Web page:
Sio serial module install problem with ActiveState

Discussion in 'Python' started by Conrad, Jul 14, 2003.

  1. Conrad

    Conrad Guest

    Greetings,

    I have a need to print from Win98SE to a little
    serial label printer provided by United Parcel, so
    based on Mark Hammond's recommendation in
    'Programming on Win32' I decided to try the Sio
    module at http://starship.python.net/crew/roger/

    My problem:

    The Sio installer dies looking for:
    HKEY_LOCAL_MACHINE\SOFTWARE\Python\PythonCore\2.2\InstallPath

    I am using ActiveStates Python 2.2.2 build 224 on Win98SE.

    ActiveState apparently does do registry setup, for example,
    the HKEY_USERS\.DEFAULT\SOFTWARE tree contains the
    \Python\PythonCore\2.2\InstallPath keys. I re-installed
    Python, thinking I had blown the registry, but the keys
    that Sio wants are never set.

    FWIW, PyPGSQL, wxPython, and the egenix MxBase packages all
    find Python on machines with ActiveState and install OK.
    I don't know what they are checking on install.

    Can anyone suggest a fix/workaround for someone who is just
    a bit befuddled by registries, or did I perhaps grab the
    wrong Sio? ( I got SioModule22.EXE at 171184 bytes from:
    http://starship.python.net/crew/roger/ )

    BTW, this serial printer is apparently pretty much a 'dump
    and go' type device - the only thing the printer seems to
    be capable of returning is a 4-byte error code after a special
    error report command is sent to the printer - other than that,
    all of the data and commands seem to move downstream only,
    with no return from the printer expected. Is Sio overkill for
    this, i.e. is there some incredibly simple "open a serial port
    under Win32 for write only" command I'm missing in the basic
    Python stuff?

    Many thanks,

    Conrad
    Conrad, Jul 14, 2003
    #1
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  2. Conrad

    Peter Hansen Guest

    Conrad wrote:
    >
    > Greetings,
    >
    > I have a need to print from Win98SE to a little
    > serial label printer provided by United Parcel, so
    > based on Mark Hammond's recommendation in
    > 'Programming on Win32' I decided to try the Sio
    > module at http://starship.python.net/crew/roger/
    >
    > My problem:


    Solution to problem (of a sort): don't use SIO module,
    which relies on a third-party external DLL. Instead,
    use http://pyserial.sourceforge.net/ or, if that doesn't work use
    http://balder.prohosting.com/ibarona/en/python/uspp/uspp_en.html

    -Peter
    Peter Hansen, Jul 14, 2003
    #2
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  3. Conrad

    Conrad Guest

    Years ago, Nostradamus predicted that on Mon, 14 Jul 2003 19:33:23 -0400,
    Peter Hansen would write, saying:

    > Conrad wrote:
    >>
    >> Greetings,
    >>
    >> I have a need to print from Win98SE to a little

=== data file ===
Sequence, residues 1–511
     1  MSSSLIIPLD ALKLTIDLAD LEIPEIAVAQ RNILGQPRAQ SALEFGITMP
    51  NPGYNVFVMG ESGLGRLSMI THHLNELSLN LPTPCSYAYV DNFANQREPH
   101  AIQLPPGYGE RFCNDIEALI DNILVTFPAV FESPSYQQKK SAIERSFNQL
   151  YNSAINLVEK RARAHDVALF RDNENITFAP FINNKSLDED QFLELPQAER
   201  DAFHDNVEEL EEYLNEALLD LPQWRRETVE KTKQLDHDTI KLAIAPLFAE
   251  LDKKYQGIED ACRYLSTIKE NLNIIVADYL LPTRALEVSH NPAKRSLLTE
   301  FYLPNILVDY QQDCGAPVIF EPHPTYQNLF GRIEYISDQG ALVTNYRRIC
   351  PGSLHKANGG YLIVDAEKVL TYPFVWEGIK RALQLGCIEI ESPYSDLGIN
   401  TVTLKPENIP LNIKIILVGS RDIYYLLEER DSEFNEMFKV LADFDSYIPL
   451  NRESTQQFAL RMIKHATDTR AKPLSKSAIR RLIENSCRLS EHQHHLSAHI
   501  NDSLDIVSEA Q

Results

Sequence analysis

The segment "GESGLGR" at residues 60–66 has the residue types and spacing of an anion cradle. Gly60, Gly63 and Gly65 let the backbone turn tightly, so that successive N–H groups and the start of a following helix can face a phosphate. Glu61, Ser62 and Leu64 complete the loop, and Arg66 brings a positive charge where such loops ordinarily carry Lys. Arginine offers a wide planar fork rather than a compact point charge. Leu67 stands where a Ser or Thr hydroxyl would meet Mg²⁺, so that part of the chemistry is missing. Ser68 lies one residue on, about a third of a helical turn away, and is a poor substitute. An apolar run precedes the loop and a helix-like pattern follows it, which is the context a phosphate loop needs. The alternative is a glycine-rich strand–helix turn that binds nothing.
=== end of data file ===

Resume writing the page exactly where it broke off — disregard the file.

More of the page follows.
>> serial label printer provided by United Parcel, so
    >> based on Mark Hammond's recommendation in
    >> 'Programming on Win32' I decided to try the Sio
    >> module at http://starship.python.net/crew/roger/
    >>
    >> My problem:

    >
    > Solution to problem (of a sort): don't use SIO module,
    > which relies on a third-party external DLL. Instead,
    > use http://pyserial.sourceforge.net/ or, if that doesn't work use
    > http://balder.prohosting.com/ibarona/en/python/uspp/uspp_en.html
    >
    > -Peter


    Thanks, Peter -

    I'll give them a shot tomorrow. USPP made me a little
    nervous, because frankly, it looks like it died a year
    and a half ago, with outstanding Linux bugs (eventually,
    my project will migrate to Linux), and a very conservative
    0.1 version label, and pyserial seemed from it's docs
    to require jython - which means pulling in a whole slew
    of third-party DLLs for Java. I'll give USPP a try first,
    because it's closest in spirit to what I want in terms of
    cross-compatibility and lack of dependencies - and after
    reflection, the fact that it hasn't changed in a while
    may just indicate the fact that RS-232 hardware has been
    much more static lately than, say, video hardware.

    Thanks again,

    Conrad
    Conrad, Jul 15, 2003
    #3
  4. Conrad

    Peter Hansen Guest

    Conrad wrote:
    >
    > I'll give them a shot tomorrow. USPP made me a little
    > nervous, because frankly, it looks like it died a year
    > and a half ago, with outstanding Linux bugs


    Thanks for checking that out better than I did. I was
    worried about that myself, having seen nothing about it
    for a very long time, but the name had stuck in my head.

    > pyserial seemed from it's docs
    > to require jython - which means pulling in a whole slew
    > of third-party DLLs for Java.


    No! Try PySerial first, for sure. It does NOT require
    Jython, but does support it. As the home page says,
    "It provides backends for stadard (sic) Python running